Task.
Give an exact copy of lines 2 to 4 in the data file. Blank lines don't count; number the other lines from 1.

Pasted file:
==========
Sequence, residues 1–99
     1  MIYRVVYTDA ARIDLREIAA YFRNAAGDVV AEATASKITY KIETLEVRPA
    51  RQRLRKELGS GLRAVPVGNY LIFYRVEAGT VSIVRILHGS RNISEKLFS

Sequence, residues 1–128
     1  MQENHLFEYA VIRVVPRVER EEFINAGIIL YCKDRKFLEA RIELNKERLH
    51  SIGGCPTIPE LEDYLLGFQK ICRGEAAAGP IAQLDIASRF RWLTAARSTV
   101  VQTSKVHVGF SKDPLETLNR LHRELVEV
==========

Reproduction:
     1  MIYRVVYTDA ARIDLREIAA YFRNAAGDVV AEATASKITY KIETLEVRPA
    51  RQRLRKELGS GLRAVPVGNY LIFYRVEAGT VSIVRILHGS RNISEKLFS

Sequence, residues 1–128